Recent research shows that boards are not getting more diverse. In our nation, we have reached a critical moment. We seem to be retreating into distrusting camps of personal opinion as we paint each other with broad strokes of inaccurate judgments. Misunderstanding abounds.
Nonprofits have an opportunity to bring enlightenment by creating environments, especially on our boards, that embrace diversity. There is, nevertheless, a dangerous pitfall that we must avoid: tokenism. Tokenism is recruiting someone because of a personal attribute—ethnicity, gender, age, socio-economic status, etc.—rather than because that person is capable of serving.
The way to avoid this mistake is to develop your character-competence-connection profile first; then seek out candidates who also satisfy the criteria for diversity. It is important that all board members are recruited for the contribution they can make to your cause—and through paying attention to diversity you can further enrich your culture.
4 C’s Recruitment Strategy
Once you know what you are looking for, it is much easier to find. That may seem simplistic, but many times I have heard board members say they can’t find qualified candidates. When I ask them to describe the qualifications, they tend to be vague and uncertain. The point I am making is this: when you have a clear idea of what you are seeking in candidates, then it is foremost in your mind when you are talking to people. You will recognize potential candidates in many different settings because you are alert to the characteristics you are seeking. To put it another way, when you know who you are looking for, those people tend to show up because you are able to see them.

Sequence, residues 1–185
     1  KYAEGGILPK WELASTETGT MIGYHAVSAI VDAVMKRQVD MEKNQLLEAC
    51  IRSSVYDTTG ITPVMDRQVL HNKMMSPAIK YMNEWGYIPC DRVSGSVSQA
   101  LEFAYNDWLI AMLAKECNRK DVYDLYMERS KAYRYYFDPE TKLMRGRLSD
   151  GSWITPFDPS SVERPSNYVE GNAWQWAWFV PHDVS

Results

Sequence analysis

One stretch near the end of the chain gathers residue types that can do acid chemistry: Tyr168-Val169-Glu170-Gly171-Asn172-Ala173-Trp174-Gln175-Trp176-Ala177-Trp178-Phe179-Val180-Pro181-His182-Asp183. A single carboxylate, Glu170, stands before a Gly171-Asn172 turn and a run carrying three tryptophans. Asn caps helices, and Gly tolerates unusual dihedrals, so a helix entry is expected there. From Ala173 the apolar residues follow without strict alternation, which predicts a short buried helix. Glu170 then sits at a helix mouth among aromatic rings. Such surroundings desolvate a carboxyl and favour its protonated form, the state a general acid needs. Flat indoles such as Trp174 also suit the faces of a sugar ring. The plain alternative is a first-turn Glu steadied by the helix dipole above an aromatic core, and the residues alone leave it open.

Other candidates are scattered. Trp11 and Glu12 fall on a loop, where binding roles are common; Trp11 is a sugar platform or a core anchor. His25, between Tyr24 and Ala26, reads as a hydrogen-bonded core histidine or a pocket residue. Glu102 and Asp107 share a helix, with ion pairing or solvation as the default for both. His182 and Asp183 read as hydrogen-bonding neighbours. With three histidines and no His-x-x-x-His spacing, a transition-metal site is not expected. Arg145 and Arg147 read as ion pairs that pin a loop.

When you build your board profile, list two categories under each “C”: one that lists the characteristics that “all must possess” and one that lists characteristics that “some must possess.” The first category is non-negotiable, the second captures attributes that not all candidates possess, but some must.
I strongly urge boards to create a recruitment task group, possibly a subgroup of the board development committee to focus on recruitment year-round. The most important tasks include:
- Review and revise the recruitment profile annually
- Engage the whole board in identifying candidates
- Develop a description of board member duties and expectations
- Send candidates information packets and have them complete an application
- Interview all viable candidates
- Interview candidate’s references
Finally, treat each person as though s/he is about to fill the highest office in the organization.